Nuts and Bolts of Perl
Perl is a general-purpose, high-level, interpreted, dynamic programming language. Perl is not an acronym, but some people refer to it as “Practical Extraction and Reporting Language”, was originally developed by Larry Wall as a general-purpose Unix scripting language.
Perl 5 is a feature-rich, highly capable programming language. Perl 5 runs on over 100 platforms from portables to mainframes and is suitable for both rapid prototyping and large scale development projects.
“Perl” is a family of languages, “Perl 6” is part of the family, but it is a separate language which has its own development team. Its existence has no significant impact on the continuing development of “Perl 5”.
PONIE is an acronym for “Perl On New Internal Engine”. The PONIE Project existed from 2003 until 2006 and was to be a bridge between Perl 5 and Perl 6. It was an effort to rewrite the Perl 5 interpreter to run on Parrot, the Perl 6 virtual machine. The PONIE project ended in 2006 and is no longer being actively developed.
Plenv – perl binary manager
plenv is used to pick a Perl version for our application. plenv along with Carton is used for painless Perl upgrades and bulletproof deployments.
- Plenv vs .perlbrew
Like perlbrew, plenv installs perl under our home directory and lets us install modules locally, and allows to switch to arbitrary perl versions on our shell. Unlike perlbrew, plenv is implemented in bash, and provides simple shell script wrappers (called “shims”) for each perl executable files
What is CPAN?
The Comprehensive Perl Archive Network (CPAN) is a repository where all the interesting Perl extension (libraries, modules) live. It’s an automated software installer (somewhat like a package manager). Most software on CPAN is free and open source software. It is based on the (“Comprehensive TeX Archive Network”) CTAN model.
Like many programming languages, Perl has mechanisms to use external libraries of code, making one file contain common routines used by several programs. Perl calls these modules.
The CPAN’s main purpose is to help programmers locate modules and programs not included in the Perl standard distribution. Its structure is decentralized. CPAN is also used to distribute new versions of Perl, as well as related projects, such as Parrot.
Carton – Perl module dependency manager (aka Bundler for Perl)
Carton does a couple of things. It keeps track of the dependencies of a project and their version numbers, given a list of dependencies, and lets you install those specific dependencies on any machine which has carton.
carton is a command line tool to track the Perl module dependencies for our Perl application. Dependencies are declared using ‘cpanfile’ format, and the managed dependencies are tracked in a ‘cpanfile.snapshot’ file, which is meant to be version controlled, and the snapshot file allows other developers of our application will have the exact same versions of the modules.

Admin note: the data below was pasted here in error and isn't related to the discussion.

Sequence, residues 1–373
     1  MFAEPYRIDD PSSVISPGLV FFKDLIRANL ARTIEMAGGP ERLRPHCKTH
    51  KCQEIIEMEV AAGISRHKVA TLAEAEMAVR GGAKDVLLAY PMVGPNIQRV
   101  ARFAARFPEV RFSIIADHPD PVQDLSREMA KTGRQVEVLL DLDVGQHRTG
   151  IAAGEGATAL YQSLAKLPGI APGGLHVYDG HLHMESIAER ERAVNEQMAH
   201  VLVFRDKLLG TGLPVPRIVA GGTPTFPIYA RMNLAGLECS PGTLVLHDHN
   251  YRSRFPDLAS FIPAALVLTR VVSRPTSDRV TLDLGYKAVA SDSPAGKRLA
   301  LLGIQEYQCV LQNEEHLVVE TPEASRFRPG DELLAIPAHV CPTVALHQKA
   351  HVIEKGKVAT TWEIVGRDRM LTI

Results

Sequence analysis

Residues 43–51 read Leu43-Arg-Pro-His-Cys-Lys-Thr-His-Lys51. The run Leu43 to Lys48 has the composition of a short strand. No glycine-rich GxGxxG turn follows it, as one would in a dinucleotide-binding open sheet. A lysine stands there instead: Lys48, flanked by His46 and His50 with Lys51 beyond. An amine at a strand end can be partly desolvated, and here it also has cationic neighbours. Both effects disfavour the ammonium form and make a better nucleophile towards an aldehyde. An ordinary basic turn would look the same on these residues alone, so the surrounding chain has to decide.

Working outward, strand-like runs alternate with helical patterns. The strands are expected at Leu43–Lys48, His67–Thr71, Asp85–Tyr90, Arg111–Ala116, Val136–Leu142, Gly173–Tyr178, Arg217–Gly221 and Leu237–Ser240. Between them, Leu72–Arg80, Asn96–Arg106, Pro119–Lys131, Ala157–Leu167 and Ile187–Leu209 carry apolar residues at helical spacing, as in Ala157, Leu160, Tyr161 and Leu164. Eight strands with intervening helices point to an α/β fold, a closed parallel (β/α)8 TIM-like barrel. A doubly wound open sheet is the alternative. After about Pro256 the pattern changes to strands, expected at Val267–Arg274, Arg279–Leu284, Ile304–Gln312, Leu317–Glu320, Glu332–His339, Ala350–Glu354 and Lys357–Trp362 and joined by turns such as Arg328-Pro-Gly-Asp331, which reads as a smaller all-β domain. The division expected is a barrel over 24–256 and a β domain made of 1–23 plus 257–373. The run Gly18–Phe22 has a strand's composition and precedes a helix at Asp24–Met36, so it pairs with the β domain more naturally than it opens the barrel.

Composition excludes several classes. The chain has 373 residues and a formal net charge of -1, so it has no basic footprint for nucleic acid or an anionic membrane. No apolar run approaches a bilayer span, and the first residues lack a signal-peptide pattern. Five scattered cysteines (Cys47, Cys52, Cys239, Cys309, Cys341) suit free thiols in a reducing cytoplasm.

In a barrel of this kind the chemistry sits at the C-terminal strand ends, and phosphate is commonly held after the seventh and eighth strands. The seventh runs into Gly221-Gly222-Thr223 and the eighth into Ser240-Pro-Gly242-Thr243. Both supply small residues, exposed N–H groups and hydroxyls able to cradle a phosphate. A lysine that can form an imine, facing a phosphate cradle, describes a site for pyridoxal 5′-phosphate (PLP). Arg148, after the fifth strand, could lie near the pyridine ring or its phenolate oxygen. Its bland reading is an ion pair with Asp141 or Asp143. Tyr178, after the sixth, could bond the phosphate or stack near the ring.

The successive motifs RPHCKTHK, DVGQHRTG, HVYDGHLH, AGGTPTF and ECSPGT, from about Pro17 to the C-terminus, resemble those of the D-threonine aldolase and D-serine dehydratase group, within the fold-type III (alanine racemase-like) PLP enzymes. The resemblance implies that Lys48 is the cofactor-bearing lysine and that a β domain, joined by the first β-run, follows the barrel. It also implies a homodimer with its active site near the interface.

With this file in place, run carton install. This will install those modules.
Also, Carton requires you to run your command/application with carton exec command, which means it’s difficult or impossible to run in an embedded perl use case such as mod_perl.
What is Mojolicious?
Back in the early days of the web, many people learned Perl because of a wonderful Perl library called CGI, while most of the techniques used are outdated now. Mojolicious is a real-time web application framework, written by Sebastian Riedel, creator of the web application framework Catalyst. It is written in the Perl programming language, and can be installed directly from CPAN.
Some of other perl frameworks are,
- Gantry, etc.
Commonly used Modules:
DBIx::Class – Extensible and flexible object <-> relational mapper
DBIx::Class (abbreviated as DBIC) is an object-relational mapper for Perl. It is used to map relational database table rows to Perl objects and generates SQL queries transparently to the application developer. It also implements the active record pattern. It is popular in Web application frameworks such as Catalyst and Mojolicious.
Minion – Job queue
Minion is a high performance job queue for the Perl programming language, with support for multiple named queues, priorities, delayed jobs, job progress, parallel processing, remote control, Mojolicious admin ui, resource leak protection and multiple backends (such as PostgreSQL).
Carp – alternative warn and die for modules
The Carp routines are useful in your own modules because they act like die() or warn(), but with a message which is more likely to be useful to a user of your module.
CHI – Unified cache handling interface
CHI provides a unified caching API, designed to assist a developer in persisting data for a specified period of time.
Interesting facts about Perl
- Perl was originally named as “Pearl”. Larry Wall wanted to provide a concise and favorable connotation to it and thus shortened it to Perl inside of Pearl.
- Programming Perl features the image of a camel on the cover, which was published by O’ Reilly Media. This image of a camel has become an unofficial symbol of Perl.
- An alternative symbol is also used by Perl Foundation. The symbol is of an onion that the company uses.
- Perl has only 3 data types which simplifies a lot of things. The Scalars ($) – which are flat data (integers, float, string, etc.), the Arrays (@) – which combined data together and the Hashes (%) – which regroups one to one correspondence between data without any specific order.
- The Perl language is referred to as a proper noun and the first letter is capitalized.
- The Perl program is denoted by un-capitalized letter since the unix programs are case sensitive.
- There are two slogans for Perl. One of them is “Easy things are easy and hard things should be possible.” The next one is TIMTOWTDI, pronounced “Tim Toady”, which means ‘There is more than one way to do it.”